13. rikyrah says:

    September 28, 2011 3:30 PM

    Quote of the Day

    By Steve Benen

    I’ve made a point of limiting my Sarah Palin coverage lately, but some lines are hard to overlook.

    Last night on Fox News, Greta Van Susteren asked the former half-term governor about political campaign coverage as if Palin were a credible expert on responsible media. Noting the rumors surrounding New Jersey Gov. Chris Christie (R), the host said, “I guess the, sort of, the question is how should we cover these races and the speculation? How much is too much? And how do we know, you know, when we’re not pitting one against the other, and how to develop the issues?”

    Palin responded:

    “The challenge is in this very quickly changing news cycle world that we are in, you know, there’s a lot of information out there. There’s a lot of white noise out there. And the viewers and readers then really have to be the filter themselves, trying to find out what’s the important information out there.

    “I am a proponent, though, of the media providing as much coverage of candidates in order to vet these candidates as possible. We learned our lesson in electing Barack Obama, who was not vetted by the media. The media did not do its job, I believe, the last go-around. So learned a lesson. Now we’re embracing of as much information and vetting of every candidate as possible.

    “But again, I do believe that there’s a lot of entertainment value and ratings value involved in this quasi-reality show that is being created through the GOP primary at this point.”

    The notion that President Obama wasn’t “vetted” is deeply silly. His presidential campaign lasted a whopping 21 months — one of the longest, if not the longest, in American history. During that time, the media scrutinized every possible angle of his entire life. If there was anyone who sought national office in 2008 who had not been fully vetted, it would be Palin, who had spoken to John McCain for a grand total of about 20 minutes — spanning two conversations — before being invited onto the ticket.

    But I especially enjoyed seeing Palin criticizing her party’s presidential nominating contest as a “quasi reality show.” Palin has starred in her own reality show.

    The mind reels.

    Postscript: By the way, Palin, in the same interview, referred to Herman Cain as “Herb Cain,” three times. Odd.

  14. rikyrah says:

    .Wed Sep 28, 2011 at 11:26 AM PDT.

    Heritage Foundation on Republicans’ military draft threat: ‘It’s nutty talk’
    by Joan McCarter

    Last week, House Armed Services chair Rep. Buck McKeon threatened the Super Congress over defense cuts, warning that the country would have to reinstate the draft if cuts went too deep. This was his appearance on Fox, making the threat.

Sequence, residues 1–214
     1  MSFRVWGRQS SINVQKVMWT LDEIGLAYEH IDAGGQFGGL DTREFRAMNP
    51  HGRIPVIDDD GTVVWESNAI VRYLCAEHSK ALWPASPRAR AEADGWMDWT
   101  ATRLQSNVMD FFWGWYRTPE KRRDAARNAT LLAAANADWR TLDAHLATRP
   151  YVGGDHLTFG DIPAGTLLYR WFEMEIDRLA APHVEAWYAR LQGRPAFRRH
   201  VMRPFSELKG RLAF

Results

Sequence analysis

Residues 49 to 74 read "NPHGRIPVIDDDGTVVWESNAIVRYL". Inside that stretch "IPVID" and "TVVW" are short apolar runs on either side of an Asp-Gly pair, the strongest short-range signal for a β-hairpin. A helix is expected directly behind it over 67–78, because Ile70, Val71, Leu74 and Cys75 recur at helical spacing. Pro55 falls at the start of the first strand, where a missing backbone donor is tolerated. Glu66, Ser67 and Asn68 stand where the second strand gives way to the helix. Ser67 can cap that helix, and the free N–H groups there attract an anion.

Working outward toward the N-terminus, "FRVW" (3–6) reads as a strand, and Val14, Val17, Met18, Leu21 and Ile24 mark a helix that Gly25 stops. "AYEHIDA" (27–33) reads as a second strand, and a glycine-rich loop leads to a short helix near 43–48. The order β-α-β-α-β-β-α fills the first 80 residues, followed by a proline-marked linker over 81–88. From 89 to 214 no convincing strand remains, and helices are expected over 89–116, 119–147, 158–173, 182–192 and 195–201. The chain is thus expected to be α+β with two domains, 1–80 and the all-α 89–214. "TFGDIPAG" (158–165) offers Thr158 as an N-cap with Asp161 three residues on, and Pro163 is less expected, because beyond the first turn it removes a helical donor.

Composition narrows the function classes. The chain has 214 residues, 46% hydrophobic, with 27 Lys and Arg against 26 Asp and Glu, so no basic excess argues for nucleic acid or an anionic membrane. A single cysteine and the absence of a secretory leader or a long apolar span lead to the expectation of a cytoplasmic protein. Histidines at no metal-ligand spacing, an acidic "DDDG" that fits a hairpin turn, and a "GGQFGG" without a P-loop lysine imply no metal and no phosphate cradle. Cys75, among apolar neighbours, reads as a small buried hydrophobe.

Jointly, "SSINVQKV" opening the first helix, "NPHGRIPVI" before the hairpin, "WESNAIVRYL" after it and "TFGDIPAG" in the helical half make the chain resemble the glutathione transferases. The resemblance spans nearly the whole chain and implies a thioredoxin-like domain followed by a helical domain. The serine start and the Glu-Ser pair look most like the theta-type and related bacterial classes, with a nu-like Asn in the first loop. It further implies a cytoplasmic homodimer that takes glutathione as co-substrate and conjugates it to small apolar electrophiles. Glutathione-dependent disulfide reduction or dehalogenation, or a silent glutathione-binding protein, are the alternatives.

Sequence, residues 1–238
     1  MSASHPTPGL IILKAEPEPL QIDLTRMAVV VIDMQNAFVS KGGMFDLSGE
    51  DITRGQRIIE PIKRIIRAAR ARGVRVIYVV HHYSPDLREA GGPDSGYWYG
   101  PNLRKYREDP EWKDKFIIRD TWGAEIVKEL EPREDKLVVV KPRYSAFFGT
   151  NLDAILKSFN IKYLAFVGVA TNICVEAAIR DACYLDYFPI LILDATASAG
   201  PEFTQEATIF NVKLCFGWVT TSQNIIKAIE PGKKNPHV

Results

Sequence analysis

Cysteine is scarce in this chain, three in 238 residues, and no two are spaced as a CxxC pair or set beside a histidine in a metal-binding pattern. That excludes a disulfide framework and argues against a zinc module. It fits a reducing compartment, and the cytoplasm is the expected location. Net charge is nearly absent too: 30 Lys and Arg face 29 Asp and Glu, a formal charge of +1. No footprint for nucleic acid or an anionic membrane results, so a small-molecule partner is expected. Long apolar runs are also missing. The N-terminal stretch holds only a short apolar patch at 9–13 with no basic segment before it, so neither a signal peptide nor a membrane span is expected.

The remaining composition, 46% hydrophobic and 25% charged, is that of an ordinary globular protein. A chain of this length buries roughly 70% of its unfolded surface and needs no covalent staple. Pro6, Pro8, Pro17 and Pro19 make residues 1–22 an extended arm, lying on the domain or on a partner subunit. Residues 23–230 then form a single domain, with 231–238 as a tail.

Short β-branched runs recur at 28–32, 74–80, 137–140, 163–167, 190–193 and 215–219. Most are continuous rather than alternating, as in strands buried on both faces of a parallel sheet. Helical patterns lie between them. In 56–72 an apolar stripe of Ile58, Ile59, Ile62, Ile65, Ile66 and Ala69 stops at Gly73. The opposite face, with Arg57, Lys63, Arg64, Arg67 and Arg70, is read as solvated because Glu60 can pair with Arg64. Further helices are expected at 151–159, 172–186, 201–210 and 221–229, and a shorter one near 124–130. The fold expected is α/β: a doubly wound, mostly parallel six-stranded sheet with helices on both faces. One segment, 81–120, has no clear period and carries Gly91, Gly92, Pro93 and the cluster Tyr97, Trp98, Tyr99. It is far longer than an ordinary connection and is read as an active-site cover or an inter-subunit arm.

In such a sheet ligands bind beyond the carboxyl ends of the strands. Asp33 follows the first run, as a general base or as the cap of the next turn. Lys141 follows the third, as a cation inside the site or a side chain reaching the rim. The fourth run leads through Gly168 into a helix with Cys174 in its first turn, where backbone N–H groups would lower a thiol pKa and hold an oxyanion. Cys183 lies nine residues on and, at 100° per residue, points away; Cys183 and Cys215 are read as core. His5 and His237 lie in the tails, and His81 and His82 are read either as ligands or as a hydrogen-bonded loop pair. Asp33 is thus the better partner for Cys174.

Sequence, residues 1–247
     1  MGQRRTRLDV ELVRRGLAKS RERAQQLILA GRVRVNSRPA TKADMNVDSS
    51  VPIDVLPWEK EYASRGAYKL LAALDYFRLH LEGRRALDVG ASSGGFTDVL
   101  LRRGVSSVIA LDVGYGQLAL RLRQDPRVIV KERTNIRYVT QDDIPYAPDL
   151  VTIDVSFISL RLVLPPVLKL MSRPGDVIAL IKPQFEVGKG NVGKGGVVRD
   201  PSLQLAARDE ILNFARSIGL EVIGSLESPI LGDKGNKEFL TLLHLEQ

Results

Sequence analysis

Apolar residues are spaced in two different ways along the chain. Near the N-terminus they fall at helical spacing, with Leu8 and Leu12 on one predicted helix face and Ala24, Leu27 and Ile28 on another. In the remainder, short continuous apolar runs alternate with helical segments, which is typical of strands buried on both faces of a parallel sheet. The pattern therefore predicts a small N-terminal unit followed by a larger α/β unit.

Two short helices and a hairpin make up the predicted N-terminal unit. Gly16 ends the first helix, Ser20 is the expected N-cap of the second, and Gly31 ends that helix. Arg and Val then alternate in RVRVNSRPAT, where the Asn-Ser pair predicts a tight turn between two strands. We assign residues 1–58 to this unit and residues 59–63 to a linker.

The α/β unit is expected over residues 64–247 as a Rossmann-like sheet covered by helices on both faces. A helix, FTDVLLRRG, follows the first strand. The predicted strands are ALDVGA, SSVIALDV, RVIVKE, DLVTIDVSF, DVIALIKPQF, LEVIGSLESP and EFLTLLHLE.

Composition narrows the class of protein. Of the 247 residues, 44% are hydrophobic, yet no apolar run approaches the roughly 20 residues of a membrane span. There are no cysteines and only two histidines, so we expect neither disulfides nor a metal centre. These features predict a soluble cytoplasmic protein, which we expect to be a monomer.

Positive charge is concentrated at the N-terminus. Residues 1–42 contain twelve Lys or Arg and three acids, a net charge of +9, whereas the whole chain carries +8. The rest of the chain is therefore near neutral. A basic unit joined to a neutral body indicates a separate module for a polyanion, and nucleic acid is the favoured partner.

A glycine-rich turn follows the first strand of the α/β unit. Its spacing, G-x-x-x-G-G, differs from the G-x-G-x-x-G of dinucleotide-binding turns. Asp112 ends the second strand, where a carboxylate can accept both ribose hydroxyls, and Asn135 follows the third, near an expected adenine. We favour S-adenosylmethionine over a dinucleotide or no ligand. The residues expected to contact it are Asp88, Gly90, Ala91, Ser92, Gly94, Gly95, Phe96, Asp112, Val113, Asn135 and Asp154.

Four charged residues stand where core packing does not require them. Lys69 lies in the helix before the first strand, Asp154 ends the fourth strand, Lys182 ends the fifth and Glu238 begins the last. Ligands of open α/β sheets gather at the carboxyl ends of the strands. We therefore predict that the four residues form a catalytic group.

McKeon’s committee released a report emphasizing those claims on Monday, concluding that “additional Pentagon cuts would force a draft, gut the military and make ‘defending our freedom harder.'”
    Military experts disagree, particularly over the blatant threat of bringing back the draft:

    The HASC staff report contends a pre-9/11 force could not “decisively win” a war in one region “while defending vital national interests in another.” It also says a U.S. military of that size “jeopardizes [the nation’s] ability to respond to potential contingencies in North Korea or Iran, and adequately defend allies (including Israel and Taiwan).”
    But Gordon Adams, who oversaw national security budgeting for the Clinton administration, said even a pre-9/11 force — after a number of weapons program cuts the panel’s report calls likely under sequestration — “would be a globally powerful military.”[…]

    Even a defense analyst at the conservative Heritage Foundation, which has increasingly been in lockstep with McKeon and his committee on military policy and budget issues, called the draft warning far-fetched.

    “I think it’s nutty talk,” said Heritage analyst Jay Carafano. “It’s an idle threat. There’s not a practical way they could institute a draft. For starters, the country couldn’t afford it.”

    When Heritage is calling bullshit on Republicans, you know just how ridiculous they are being. But this bullshit threat shows just how far Republicans are going to go to prevent any more defense cuts.


  15. creolechild says:

    Closing out the musical interlude with George Duke, Love Can Be So Cold. Be safe, everyone~

  16. creolechild says:

    Here’s Rachelle Ferrell singing, I Gotta Go.

  17. creolechild says:

    Here’s Philippe Saisse, performing The Girl with Botticelli Eyes.

  18. creolechild says:

    Here’s Tower of Power to help get you through the rest of your day.

  19. creolechild says:

    Don’t Make The Economic Mistake Of Voting Republican – By Rmuse September 28, 2011

    In the past 100 years, America has progressed in terms of equal rights, but on the economic front, equality is relatively non-existent. At the turn of the century there were approximately 400 families that controlled the lion’s share of the wealth and that figure has hardly budged in 2011. The American middle class that emerged after World War II is responsible for much of the economic prosperity the country experienced for a generation, but their numbers are dwindling as Republicans assail unions and public employees with spending cuts and their ridiculous deficit reduction scams. When Republican governors and legislatures began eliminating public employees’ collective bargaining rights, the middle class finally woke up and protested because they saw their way of life coming to an end. However, where was the middle class for the past 30 years as Republicans assailed the poor and minorities? They were silent because their income, lifestyle, and position in society were safe and secure with little chance it would ever change. How foolish they were.